When in Rome, do as the Romans do.
Suppose you saw a colony of ants building their hill in the middle of a road. They’d have no clue that what they were doing was putting them in grave danger. From your perspective, however, you could immediately assess the situation, see the danger and know the proper corrective action to assure their safety and well-being.
You could do all that in an instant, but now how could you possibly communicate that to them? If you approached them they’d fear you, a threatening gargantuan, even more than they would the imminent danger that they faced from impending traffic. If you picked them up and moved them they would only be confused and terrified, learn nothing of the error of their ways and resume what they had started as soon as you left them alone. How could you relate to them? How could you save them?
The only real way to help them would be to come to them as an ant yourself, a member of their own colony. Only then would you share a common language to use as a basis for communication. Only then could you even approach them without being regarded as a predatory threat or a tasty meal. Only then could you describe the problem they faced in terms that would make sense to them. As an ant, you wouldn’t have all your human capabilities, but your insight into ant life would undoubtedly be quite amazing to them. Some would listen, heed your warning and seek a new life off the broad path of the pavement. Some would undoubtedly scoff at your description of things unknown to them; people, cars, and highways. Whether or not they listened, at least you would have done the best you could to save them while still preserving their freedom of choice.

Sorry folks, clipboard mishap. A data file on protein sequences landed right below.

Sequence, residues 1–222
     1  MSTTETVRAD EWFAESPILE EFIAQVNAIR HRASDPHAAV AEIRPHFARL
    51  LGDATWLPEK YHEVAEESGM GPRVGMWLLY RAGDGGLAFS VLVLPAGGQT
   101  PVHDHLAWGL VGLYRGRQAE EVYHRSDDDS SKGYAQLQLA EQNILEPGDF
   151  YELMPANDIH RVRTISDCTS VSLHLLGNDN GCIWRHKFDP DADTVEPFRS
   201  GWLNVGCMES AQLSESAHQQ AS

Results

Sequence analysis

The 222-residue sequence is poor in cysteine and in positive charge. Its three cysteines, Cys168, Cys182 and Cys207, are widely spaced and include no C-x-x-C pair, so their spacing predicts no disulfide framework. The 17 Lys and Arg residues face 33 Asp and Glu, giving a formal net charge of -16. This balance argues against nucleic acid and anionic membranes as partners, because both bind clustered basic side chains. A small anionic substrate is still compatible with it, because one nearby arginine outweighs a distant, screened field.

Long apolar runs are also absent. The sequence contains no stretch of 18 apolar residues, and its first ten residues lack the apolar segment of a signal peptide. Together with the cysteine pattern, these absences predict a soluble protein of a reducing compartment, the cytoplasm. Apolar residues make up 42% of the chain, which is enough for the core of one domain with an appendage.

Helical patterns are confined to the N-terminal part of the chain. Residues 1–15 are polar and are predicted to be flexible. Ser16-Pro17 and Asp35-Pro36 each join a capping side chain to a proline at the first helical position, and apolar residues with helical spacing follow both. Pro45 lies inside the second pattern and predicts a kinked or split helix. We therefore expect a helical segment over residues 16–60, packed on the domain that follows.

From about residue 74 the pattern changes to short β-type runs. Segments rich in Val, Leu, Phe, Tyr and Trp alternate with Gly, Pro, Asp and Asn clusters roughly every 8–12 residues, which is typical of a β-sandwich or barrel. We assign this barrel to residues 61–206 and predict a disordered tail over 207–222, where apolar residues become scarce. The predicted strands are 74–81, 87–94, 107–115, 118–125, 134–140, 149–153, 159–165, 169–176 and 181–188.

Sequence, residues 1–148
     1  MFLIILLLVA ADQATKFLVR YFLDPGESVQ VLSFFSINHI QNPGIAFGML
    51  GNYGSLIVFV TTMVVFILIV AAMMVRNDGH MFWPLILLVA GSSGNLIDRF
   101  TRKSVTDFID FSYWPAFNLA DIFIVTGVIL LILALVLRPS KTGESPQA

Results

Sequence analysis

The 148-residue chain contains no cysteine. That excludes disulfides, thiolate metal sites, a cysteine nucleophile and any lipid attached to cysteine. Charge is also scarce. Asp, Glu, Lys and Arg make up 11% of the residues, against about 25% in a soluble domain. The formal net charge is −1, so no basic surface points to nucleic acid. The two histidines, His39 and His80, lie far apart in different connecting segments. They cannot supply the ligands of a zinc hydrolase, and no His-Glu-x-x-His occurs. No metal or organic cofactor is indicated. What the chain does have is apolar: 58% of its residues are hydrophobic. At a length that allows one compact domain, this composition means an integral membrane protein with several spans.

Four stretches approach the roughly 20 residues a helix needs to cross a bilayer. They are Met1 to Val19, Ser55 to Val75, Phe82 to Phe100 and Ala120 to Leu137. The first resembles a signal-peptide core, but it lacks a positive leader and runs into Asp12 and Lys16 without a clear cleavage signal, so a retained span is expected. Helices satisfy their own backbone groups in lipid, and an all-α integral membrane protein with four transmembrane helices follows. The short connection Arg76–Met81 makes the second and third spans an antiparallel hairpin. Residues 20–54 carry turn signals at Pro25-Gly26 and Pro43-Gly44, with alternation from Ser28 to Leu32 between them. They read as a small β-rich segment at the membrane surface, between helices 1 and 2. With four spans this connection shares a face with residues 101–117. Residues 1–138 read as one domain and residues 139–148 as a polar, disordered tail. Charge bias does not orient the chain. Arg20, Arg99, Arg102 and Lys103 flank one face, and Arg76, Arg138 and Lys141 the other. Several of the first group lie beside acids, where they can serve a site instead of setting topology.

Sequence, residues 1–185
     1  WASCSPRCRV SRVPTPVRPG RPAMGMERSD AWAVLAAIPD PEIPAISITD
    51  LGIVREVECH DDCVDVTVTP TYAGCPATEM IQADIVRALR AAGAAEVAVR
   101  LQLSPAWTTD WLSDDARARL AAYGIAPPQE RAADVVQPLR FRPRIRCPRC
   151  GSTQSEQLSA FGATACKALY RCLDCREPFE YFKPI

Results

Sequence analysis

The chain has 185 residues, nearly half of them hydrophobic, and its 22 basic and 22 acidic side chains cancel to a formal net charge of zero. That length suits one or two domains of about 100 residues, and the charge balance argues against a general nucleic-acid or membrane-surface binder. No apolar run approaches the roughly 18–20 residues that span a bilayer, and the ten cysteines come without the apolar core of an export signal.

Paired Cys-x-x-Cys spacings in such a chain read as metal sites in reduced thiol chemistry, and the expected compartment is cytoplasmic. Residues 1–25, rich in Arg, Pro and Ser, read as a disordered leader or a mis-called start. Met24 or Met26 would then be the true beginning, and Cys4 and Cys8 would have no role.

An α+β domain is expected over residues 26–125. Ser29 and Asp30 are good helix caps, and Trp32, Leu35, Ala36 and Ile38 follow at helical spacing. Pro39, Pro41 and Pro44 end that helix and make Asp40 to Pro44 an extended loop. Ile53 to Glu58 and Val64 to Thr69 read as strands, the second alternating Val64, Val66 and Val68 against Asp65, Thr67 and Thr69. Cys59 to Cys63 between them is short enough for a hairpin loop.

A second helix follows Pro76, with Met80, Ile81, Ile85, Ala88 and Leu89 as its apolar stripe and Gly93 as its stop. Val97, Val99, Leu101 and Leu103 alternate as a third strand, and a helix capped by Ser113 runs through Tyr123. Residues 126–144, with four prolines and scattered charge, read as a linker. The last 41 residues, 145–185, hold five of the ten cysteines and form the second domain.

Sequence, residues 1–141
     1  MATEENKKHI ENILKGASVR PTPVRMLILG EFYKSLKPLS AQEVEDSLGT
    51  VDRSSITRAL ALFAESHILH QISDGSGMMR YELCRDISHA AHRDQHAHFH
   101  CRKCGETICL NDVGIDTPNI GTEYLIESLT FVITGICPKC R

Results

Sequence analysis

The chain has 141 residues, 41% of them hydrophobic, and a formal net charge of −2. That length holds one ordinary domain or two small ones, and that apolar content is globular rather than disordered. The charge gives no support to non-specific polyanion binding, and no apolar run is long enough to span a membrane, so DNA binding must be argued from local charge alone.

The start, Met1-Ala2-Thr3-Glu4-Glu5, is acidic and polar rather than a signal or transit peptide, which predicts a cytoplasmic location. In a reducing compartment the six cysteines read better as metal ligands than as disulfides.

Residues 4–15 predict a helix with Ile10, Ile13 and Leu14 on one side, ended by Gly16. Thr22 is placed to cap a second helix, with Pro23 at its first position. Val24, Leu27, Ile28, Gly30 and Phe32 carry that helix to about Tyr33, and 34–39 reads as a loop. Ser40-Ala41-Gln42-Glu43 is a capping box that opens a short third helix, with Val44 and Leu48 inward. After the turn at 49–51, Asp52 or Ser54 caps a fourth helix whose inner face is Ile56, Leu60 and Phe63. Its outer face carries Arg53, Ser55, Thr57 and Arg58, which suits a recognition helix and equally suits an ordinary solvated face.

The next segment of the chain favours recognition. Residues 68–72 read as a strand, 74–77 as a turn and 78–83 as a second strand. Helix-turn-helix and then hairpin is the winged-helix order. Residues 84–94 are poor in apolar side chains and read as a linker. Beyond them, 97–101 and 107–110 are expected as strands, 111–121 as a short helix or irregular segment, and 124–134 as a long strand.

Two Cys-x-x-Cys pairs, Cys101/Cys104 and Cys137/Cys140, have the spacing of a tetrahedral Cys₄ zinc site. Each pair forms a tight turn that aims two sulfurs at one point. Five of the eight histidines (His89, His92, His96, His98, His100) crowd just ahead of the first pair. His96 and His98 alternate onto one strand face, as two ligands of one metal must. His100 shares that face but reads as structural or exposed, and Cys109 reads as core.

God faces a similar dilemma in communicating with us. If He were to appear before us as the omnipotent and omniscient God, we would live in absolute terror. So what did he do? He came to us as one of our own, God in human form, as Jesus Christ. He imparted a higher wisdom to us on the right way to live and on the perils of straying from His commands to us and into the broad path of destruction. Out of love, He humbled and reduced Himself to our level so that He might teach and save us. Out of love, He leaves us to learn and make our own choices, and bear our own consequences, yet still whispers in a quiet voice of counsel to our souls, if we believe and are willing to listen.
Atheists, intellectuals and even some new age spiritualists alike reason that man may be the highest intelligence in the universe, though they have created neither the universe nor their own intelligence. In their pride they postulate that man has become a god, and blind themselves to even considering that God has become a man.
“For my thoughts are not your thoughts, neither are your ways my ways,” declares the LORD. “As the heavens are higher than the earth, so are my ways higher than your ways and my thoughts than your thoughts.”
To the weak I became weak, to win the weak. I have become all things to all men so that by all possible means I might save some.
1 Corinthians 9:22
He may speak in their ears and terrify them with warnings, to turn man from wrongdoing and keep him from pride.
For wide is the gate and broad is the road that leads to destruction, and many enter through it. But small is the gate and narrow the road that leads to life, and only a few find it.
For God did not send his Son into the world to condemn the world, but to save the world through him.